Mark McCrum is a writer of non-fiction. He began his career as a travel writer, with well-received books about southern Africa (Happy Sad Land, 1994), Australia (No Worries, 1996) and Ireland (The Craic, 1998). As his focus was always on the people in the landscape, it was a natural progression for him to ghost-write the story of a young Muslim woman from Bradford who escaped from an arranged marriage to a Pakistani relative to be with her white English boyfriend; Jack and Zena was published to acclaim in 1997. He then wrote two books documenting landmark television programmes: 1900 House (1999), where a modern family attempted to live for six weeks as Victorians; and Castaway (2000) where 36 individuals were filmed over a year trying to set up a self-sufficient community on a remote Scottish island. (These turned out to be the first two examples of a new television genre, reality TV.)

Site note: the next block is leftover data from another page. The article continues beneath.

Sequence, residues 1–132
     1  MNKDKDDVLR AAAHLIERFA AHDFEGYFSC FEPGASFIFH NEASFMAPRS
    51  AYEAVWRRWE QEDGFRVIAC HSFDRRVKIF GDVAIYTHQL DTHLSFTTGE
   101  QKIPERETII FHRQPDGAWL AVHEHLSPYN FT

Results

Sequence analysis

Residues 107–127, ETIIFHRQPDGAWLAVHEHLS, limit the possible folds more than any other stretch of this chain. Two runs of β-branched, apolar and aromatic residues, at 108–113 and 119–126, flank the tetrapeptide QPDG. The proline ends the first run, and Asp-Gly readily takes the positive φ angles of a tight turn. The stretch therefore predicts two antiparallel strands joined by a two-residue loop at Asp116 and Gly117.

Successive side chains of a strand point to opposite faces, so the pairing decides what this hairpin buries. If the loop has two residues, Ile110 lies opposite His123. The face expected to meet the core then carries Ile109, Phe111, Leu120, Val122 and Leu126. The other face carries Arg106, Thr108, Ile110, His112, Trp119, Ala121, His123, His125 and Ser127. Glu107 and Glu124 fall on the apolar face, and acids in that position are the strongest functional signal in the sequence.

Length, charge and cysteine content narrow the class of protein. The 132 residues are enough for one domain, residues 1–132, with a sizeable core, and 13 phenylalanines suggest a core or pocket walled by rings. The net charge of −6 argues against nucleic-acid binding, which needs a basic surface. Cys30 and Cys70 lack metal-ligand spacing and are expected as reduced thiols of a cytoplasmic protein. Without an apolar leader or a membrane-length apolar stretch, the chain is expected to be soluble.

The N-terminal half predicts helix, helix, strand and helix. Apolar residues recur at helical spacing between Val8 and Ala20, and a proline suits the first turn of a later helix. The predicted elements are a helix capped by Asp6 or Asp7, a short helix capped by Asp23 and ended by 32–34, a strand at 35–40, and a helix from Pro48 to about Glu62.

Following the success of Castaway, he was invited to write about the pop star Robbie Williams on tour round Europe; this became Somebody Someday, a cross between a travel book and a biography, which was a No 1 bestseller. Mark then wrote Going Dutch in Beijing, a light-hearted look at etiquette around the world. His most recent book is Walking with the Wounded, telling the story of four wounded soldiers as they attempt to reach the North Pole. He continues to ghost-write and is now working on a novel. He lives in London with his wife and young family.